The very first email of the close-down sequence should be a thank-you email that includes a link to the webinar replay and a call-to-action (CTA) to your offer.

The rest of the close-down sequence should be between 5 and 10 emails, all of them geared towards getting webinar registrants to accept your offer. Common emails to include in this sequence are:

  • Testimonials and case studies of previous clients you have helped
  • FAQs about the topic you covered in the webinar and about your offer
  • Value emails reminding registrants how you can help them solve their pain-points
  • A sincerity-close email where the webinar presenter speaks from the heart on why he or she wants to help registrants. 

Just remember that every email in the close-down sequence needs to include a CTA to your offer. With all these items covered (filling the funnel, registration, getting people to show up, the webinar, and the close-down), you should be able to launch a successful 7-figure webinar. 

Now let’s go back to the webinar itself, so we can take a closer look at what you will be presenting. 

Are you ready to build a 7-figure webinar funnel, but you need help?
Contact our team to get started.


The Presentation

The webinar presentation is your moment to shine. This is where you deliver value to the people who register and show up.

At Just Digital, we love Russell Brunson’s webinar framework. He is the founder of ClickFunnels, and he wrote a couple of books we recommend reading if you haven’t already: DotCom Secrets and Expert Secrets.

His framework breaks down a webinar presentation into 3 sections: the introduction, the content, and the close. The introduction should be around 5 minutes. The content should take no more than 45 minutes. And then, at the end of the presentation you should take 10 minutes to pitch your offer, and 5-15 minutes for Q&A from your audience. 

In total, the webinar should take 60-90 minutes. Let’s take a closer look at each one of its sections.

The Perfect Webinar Structure by Russel Brunson


The Introduction

Your introduction should be short, and it should grab the audience’s attention.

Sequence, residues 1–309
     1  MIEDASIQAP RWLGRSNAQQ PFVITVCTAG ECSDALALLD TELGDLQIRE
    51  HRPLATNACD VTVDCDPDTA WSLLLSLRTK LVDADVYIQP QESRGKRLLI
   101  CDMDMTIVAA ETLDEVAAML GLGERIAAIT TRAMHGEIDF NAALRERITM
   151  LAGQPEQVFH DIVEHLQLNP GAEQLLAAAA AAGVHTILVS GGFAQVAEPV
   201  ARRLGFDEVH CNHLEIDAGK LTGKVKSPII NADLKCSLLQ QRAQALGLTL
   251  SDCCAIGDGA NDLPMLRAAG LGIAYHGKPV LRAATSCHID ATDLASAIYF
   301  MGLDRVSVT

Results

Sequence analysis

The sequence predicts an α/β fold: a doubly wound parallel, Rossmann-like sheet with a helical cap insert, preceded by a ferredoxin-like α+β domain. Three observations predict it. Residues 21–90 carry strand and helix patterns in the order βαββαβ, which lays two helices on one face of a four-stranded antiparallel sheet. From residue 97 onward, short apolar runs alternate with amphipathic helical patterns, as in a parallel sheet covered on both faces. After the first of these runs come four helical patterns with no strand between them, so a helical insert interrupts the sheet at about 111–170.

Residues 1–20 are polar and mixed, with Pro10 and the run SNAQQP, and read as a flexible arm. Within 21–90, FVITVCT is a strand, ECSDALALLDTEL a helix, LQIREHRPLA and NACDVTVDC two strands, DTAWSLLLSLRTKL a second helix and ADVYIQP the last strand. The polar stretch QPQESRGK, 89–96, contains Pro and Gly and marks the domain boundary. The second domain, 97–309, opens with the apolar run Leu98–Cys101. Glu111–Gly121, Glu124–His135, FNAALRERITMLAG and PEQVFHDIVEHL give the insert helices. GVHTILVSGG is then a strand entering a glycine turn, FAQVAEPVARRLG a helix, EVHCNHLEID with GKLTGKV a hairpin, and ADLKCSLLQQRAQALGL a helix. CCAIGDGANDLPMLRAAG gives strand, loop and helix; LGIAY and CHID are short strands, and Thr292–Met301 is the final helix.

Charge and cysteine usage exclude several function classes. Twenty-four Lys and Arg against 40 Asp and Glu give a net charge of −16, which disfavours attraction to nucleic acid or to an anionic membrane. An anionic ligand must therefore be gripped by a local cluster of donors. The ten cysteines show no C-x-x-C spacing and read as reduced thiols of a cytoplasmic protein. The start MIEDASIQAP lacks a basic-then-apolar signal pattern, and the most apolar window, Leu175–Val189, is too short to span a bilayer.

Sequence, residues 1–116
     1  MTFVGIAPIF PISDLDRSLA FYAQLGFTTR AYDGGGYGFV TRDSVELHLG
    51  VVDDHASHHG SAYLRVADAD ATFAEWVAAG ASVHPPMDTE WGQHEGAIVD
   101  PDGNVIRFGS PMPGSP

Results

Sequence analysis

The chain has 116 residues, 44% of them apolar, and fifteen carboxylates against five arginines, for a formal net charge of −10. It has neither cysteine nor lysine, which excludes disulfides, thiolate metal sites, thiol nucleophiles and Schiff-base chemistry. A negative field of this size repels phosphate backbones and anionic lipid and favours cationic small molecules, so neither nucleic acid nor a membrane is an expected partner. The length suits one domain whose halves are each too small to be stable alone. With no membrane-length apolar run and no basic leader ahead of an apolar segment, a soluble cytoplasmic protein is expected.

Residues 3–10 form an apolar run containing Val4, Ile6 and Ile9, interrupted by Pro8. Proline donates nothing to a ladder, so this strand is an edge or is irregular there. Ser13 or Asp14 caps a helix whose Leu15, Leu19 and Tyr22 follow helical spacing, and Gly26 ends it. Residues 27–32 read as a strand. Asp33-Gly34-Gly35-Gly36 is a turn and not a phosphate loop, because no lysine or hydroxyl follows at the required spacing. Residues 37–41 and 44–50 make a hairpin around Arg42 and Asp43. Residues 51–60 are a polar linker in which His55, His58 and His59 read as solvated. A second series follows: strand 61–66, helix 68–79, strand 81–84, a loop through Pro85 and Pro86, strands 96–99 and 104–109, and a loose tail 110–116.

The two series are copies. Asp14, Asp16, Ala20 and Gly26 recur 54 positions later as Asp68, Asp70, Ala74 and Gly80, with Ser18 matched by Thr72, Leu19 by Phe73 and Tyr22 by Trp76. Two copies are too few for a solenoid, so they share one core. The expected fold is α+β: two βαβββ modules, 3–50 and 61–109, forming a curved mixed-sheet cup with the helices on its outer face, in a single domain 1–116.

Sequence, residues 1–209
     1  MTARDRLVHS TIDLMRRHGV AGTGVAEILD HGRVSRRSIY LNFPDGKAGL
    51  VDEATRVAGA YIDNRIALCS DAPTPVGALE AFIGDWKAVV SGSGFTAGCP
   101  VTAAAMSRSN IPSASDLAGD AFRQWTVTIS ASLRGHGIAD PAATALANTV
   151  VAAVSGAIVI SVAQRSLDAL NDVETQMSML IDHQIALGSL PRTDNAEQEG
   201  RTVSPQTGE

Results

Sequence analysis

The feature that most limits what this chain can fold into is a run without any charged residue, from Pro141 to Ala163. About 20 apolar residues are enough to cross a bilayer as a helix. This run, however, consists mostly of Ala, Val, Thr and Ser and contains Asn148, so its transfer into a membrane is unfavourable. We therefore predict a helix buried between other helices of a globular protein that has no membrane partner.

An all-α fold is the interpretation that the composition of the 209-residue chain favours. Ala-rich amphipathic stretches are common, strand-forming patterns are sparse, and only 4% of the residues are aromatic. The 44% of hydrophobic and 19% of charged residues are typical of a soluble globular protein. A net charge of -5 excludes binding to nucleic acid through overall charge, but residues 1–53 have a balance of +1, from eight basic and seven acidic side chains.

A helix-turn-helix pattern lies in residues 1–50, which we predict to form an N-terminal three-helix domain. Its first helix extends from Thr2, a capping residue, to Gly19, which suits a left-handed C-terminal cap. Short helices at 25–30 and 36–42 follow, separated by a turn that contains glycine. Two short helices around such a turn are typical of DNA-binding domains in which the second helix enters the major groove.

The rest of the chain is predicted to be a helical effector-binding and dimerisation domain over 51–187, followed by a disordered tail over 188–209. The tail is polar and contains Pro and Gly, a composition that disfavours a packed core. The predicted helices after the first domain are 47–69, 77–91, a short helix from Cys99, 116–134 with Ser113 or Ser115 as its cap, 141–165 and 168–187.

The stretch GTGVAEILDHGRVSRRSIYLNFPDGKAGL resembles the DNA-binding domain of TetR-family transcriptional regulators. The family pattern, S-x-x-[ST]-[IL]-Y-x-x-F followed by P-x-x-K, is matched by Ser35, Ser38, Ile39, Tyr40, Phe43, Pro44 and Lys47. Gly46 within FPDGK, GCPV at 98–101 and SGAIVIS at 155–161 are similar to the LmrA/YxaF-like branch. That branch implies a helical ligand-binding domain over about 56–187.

It should include a brief description of who you are, and why you are the right person to help them solve their main problem. At this point, you want to highlight your authority and expertise by sharing any credentials and experience you have on the topic you are presenting. 

The Content

The content in your webinar should cover what Russell Brunson calls “the ONE Thing”. This is a big problem or pain-point your audience has and what you will help them solve with the information you are sharing during the webinar. 

The way you help your audience solve this pain-point is by highlighting the 3 main objections they have towards their problem, and helping them overcome them. For example, if you are a career coach who teaches people how to find their dream career, your audience’s objections are probably something along the following lines: 

  • “I don’t have the time to apply to jobs” 
  • “I don’t know what my dream career is”
  • “I don’t have the right skills for my dream career”

So, in the content section of your webinar, you should evidence these 3 belief patterns and give them simple tips on how to get past each obstacle. This is the simplest way to break and rebuild a belief pattern for your audience and will provide immense value for them.

The Close

The general purpose of your webinar is to identify the things that are getting in your audience’s way, give them practical solutions, and teach them a couple new things. Once you have provided all this value, then you present your offer.

As I mentioned earlier, your offer can be one of many things:

  • A specific product or service that you want to sell more of,
  • An online course or program,
  • 1-1 coaching sessions,
  • A product bundle,
  • And even a free strategy session that can then lead to further business.

Whatever your offer is, you will pitch it in the close, helping your audience realize that your offer helps them solve the ONE problem they have. 



If you got this far, you now know everything you need to build a 6 to 7-figure webinar. 

Setting up a webinar like this takes a lot of work at the beginning. You have to implement all the landing pages, content, emails, and automations. Once you do this, you will have an asset that you can deploy month-in-month out or a couple of times a year. 

If you need help implementing your webinar we are happy to help, you can book a call here to see what working with us look like. If you know you want to run a webinar, but are not sure of what your offer should be, I recommend exploring these 7 revenue models for coaching businesses